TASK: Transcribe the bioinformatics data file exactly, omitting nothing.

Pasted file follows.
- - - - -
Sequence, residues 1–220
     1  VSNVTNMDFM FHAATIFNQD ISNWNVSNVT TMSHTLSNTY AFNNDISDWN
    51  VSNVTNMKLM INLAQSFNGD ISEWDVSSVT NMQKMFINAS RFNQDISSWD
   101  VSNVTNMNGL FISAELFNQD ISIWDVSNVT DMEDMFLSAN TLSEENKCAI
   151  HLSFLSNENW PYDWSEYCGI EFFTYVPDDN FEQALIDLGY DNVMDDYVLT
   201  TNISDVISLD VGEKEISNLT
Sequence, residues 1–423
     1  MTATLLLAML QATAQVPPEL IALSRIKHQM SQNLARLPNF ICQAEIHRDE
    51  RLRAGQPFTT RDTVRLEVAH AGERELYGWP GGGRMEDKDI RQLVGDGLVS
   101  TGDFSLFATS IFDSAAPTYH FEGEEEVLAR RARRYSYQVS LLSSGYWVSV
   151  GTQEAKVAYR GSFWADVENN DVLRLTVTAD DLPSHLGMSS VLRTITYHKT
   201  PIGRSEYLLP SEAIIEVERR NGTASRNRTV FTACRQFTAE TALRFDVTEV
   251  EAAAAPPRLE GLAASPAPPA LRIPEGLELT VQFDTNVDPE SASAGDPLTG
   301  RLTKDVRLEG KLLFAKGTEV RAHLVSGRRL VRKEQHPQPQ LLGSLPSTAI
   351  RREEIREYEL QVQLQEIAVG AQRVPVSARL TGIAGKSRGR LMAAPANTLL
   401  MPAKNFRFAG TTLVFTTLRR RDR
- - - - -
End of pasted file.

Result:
Sequence, residues 1–220
     1  VSNVTNMDFM FHAATIFNQD ISNWNVSNVT TMSHTLSNTY AFNNDISDWN
    51  VSNVTNMKLM INLAQSFNGD ISEWDVSSVT NMQKMFINAS RFNQDISSWD
   101  VSNVTNMNGL FISAELFNQD ISIWDVSNVT DMEDMFLSAN TLSEENKCAI
   151  HLSFLSNENW PYDWSEYCGI EFFTYVPDDN FEQALIDLGY DNVMDDYVLT
   201  TNISDVISLD VGEKEISNLT
Sequence, residues 1–423
     1  MTATLLLAML QATAQVPPEL IALSRIKHQM SQNLARLPNF ICQAEIHRDE
    51  RLRAGQPFTT RDTVRLEVAH AGERELYGWP GGGRMEDKDI RQLVGDGLVS
   101  TGDFSLFATS IFDSAAPTYH FEGEEEVLAR RARRYSYQVS LLSSGYWVSV
   151  GTQEAKVAYR GSFWADVENN DVLRLTVTAD DLPSHLGMSS VLRTITYHKT
   201  PIGRSEYLLP SEAIIEVERR NGTASRNRTV FTACRQFTAE TALRFDVTEV
   251  EAAAAPPRLE GLAASPAPPA LRIPEGLELT VQFDTNVDPE SASAGDPLTG
   301  RLTKDVRLEG KLLFAKGTEV RAHLVSGRRL VRKEQHPQPQ LLGSLPSTAI
   351  RREEIREYEL QVQLQEIAVG AQRVPVSARL TGIAGKSRGR LMAAPANTLL
   401  MPAKNFRFAG TTLVFTTLRR RDR